Bloomberg Gives Enviros Another $30 Million To Kill Coal

By Published on April 9, 2015

Former New York City Mayor Michael Bloomberg is giving the Sierra Club another $30 million to attack the coal industry as part of the environmental group’s campaign to shut down coal plants and mines across the country.

Bloomberg’s $30 million boost to the Sierra Club follows a $50 million commitment the former mayor gave the group in 2011 which was used to lobby for stricter federal environmental regulations and engage in litigation against coal plant operators.

“It will help us continue to run the largest campaign in the Sierra Club’s history and we think one of the most important in our history,” Sierra Club Executive Director Michael Brune told the National Journal.

According the Sierra Club’s “Beyond Coal Campaign,” they have contributed to the closing of  187 coal-fired power plants. But even this number is still less than half their goal of retiring 265 gigawatts of coal power.

“Every time we retire a coal plant and replace it with clean energy, that means we are cutting carbon, cutting air and water pollution, increasing the amount of clean energy on the grid and increasing the amount of jobs at the same time,” Brune said.

Bloomberg’s Sierra Club spending comes before the EPA is set to finalize regulations that the coal industry says will force hundreds of more coal-fired generators to prematurely retire. EPA rules have been subject to legal challenges by at least a dozen states and the coal company Murray Energy.

Bloomberg himself has used funding of eco-groups to boost his credentials as a billionaire who cares about the environment — last year, the former mayor even joined fellow billionaires Tom Steyer and Hank Paulson in putting out a report on the risks of global warming.

Bloomberg’s funding also comes as the White House once again ties global warming to public health issues. At the announcement of the funds, a high schooler from Alexandria, Virginia was brought on stage to thank the Sierra Club and Bloomberg for closing coal plants because they used to give her asthma.

Mayor Bloomberg himself claimed that closing coal plants saved 22,000 lives since 2011 — since he says that 7,500 people die a year from burning coal.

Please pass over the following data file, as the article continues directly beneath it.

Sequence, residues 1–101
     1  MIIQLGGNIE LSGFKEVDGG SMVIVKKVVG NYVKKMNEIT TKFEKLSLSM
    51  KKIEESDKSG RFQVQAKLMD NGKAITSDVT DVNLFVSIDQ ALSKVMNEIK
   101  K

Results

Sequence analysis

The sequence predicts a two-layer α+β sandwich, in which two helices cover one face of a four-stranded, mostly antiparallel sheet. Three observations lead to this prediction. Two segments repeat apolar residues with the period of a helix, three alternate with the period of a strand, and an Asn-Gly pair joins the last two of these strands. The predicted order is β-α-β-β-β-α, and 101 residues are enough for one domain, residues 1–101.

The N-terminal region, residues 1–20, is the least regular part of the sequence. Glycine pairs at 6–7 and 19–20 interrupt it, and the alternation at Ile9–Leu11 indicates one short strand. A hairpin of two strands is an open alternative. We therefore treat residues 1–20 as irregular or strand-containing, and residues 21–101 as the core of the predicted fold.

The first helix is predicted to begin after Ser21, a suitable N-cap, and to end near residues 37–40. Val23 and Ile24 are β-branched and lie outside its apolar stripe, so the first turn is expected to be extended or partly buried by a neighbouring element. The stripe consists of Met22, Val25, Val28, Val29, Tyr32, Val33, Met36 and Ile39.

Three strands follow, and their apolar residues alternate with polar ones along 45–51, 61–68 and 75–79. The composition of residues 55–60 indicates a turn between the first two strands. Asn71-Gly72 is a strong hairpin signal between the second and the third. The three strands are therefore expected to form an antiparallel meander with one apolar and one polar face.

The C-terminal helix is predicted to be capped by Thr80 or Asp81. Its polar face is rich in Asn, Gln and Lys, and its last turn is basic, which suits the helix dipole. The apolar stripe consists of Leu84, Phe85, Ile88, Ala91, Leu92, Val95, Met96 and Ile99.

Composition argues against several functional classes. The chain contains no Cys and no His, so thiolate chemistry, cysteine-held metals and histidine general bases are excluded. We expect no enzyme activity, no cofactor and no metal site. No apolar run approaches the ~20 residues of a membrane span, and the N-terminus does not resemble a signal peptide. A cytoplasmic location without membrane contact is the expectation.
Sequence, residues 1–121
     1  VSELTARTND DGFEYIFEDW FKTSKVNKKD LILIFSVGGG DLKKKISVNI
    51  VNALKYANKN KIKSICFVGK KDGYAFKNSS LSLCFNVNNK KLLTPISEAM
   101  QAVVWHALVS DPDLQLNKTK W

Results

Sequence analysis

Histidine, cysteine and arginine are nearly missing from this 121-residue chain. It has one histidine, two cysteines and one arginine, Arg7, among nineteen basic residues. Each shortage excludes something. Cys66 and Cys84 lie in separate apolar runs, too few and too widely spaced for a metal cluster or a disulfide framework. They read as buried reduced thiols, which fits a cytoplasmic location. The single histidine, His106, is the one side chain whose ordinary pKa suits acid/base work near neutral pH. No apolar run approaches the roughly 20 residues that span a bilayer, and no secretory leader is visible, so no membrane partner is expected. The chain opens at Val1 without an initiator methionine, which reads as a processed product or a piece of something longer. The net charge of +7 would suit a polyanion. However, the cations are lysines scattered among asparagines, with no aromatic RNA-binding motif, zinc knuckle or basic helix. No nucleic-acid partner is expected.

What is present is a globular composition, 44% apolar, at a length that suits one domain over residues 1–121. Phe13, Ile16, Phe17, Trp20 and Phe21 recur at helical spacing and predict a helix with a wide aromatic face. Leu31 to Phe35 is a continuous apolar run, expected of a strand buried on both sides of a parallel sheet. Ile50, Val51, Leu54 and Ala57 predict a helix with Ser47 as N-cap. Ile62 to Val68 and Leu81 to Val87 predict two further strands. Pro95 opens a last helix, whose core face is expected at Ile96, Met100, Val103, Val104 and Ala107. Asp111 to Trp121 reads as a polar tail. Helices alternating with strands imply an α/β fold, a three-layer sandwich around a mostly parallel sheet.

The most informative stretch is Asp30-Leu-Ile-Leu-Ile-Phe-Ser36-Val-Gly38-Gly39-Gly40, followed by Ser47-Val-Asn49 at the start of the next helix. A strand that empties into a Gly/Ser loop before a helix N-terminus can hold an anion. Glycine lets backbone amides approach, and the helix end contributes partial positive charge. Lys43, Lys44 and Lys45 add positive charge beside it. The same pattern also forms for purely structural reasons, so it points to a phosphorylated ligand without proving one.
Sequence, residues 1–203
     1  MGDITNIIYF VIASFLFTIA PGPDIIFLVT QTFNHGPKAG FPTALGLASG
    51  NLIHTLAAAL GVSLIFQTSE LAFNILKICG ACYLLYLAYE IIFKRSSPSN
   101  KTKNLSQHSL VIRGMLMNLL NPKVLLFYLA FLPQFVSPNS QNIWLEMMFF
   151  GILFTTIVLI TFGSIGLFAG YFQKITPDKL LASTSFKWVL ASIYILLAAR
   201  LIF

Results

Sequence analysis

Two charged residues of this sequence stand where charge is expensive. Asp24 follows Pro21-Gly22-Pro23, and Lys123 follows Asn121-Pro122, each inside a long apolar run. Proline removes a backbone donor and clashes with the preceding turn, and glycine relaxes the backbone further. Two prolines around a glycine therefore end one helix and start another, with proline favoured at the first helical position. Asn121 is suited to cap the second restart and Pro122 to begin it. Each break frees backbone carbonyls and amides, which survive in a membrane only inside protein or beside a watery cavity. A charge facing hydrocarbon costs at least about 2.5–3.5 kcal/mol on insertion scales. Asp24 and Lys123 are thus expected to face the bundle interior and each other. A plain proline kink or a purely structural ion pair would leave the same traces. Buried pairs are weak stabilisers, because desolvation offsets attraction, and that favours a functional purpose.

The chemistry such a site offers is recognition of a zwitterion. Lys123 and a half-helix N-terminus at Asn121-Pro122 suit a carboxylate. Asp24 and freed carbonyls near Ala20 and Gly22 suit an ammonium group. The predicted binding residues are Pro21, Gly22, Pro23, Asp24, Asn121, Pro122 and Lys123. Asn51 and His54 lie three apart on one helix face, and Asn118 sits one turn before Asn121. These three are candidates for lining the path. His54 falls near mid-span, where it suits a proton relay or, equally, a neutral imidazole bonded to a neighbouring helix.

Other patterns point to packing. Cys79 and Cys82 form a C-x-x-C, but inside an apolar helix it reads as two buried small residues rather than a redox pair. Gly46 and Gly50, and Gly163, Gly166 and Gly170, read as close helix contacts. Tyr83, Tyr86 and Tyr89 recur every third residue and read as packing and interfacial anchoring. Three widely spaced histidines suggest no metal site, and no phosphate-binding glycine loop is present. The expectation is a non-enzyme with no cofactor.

Bloomberg and the Sierra Club were also quick to tout the link between coal, global warming and asthma. Bloomberg wrote on CNN Money that for “closing just a single [coal] plant can prevent 146 asthma attacks, 47 heart attacks, and 29 premature deaths a year.”

But claims by Bloomberg, and the Obama administration, that global warming is making asthma worse have not been supported by much evidence. In 2010, the National Institutes of Health reported that the “direct impacts of climate change on asthma, respiratory allergies, and airway diseases need further study to evaluate the fraction of respiratory disease risk that can be attributed to climate change and potentially mitigated or avoided.”

Bloomberg’s initial $50 million gift to the Sierra Club in 2011 came after the group admitted to taking money from a natural gas company for years to attack the coal industry. From 2007 to 2010, the Club took $26 million from natural gas giant Chesapeake Energy to push for stricter regulations on burning coal for electricity — a competitor to natural gas-fired electricity.

After admitting to taking Chesapeake funds in early 2012, the group quickly turned around and started a “Beyond Natural Gas” campaign to rebuild their image.

“Exempting the natural gas industry from environmental protections was a terrible idea,” Brune wrote in an open apology letter in 2012. “It looks even dumber today, when the real risks that natural gas drilling poses to water supplies and critical watersheds are that much more apparent.”

Follow Michael on Twitter

Print Friendly, PDF & Email

Like the article? Share it with your friends! And use our social media pages to join or start the conversation! Find us on Facebook, Twitter, Instagram, MeWe and Gab.

Military Photo of the Day: Through the Smoke
Tom Sileo
More from The Stream
Connect with Us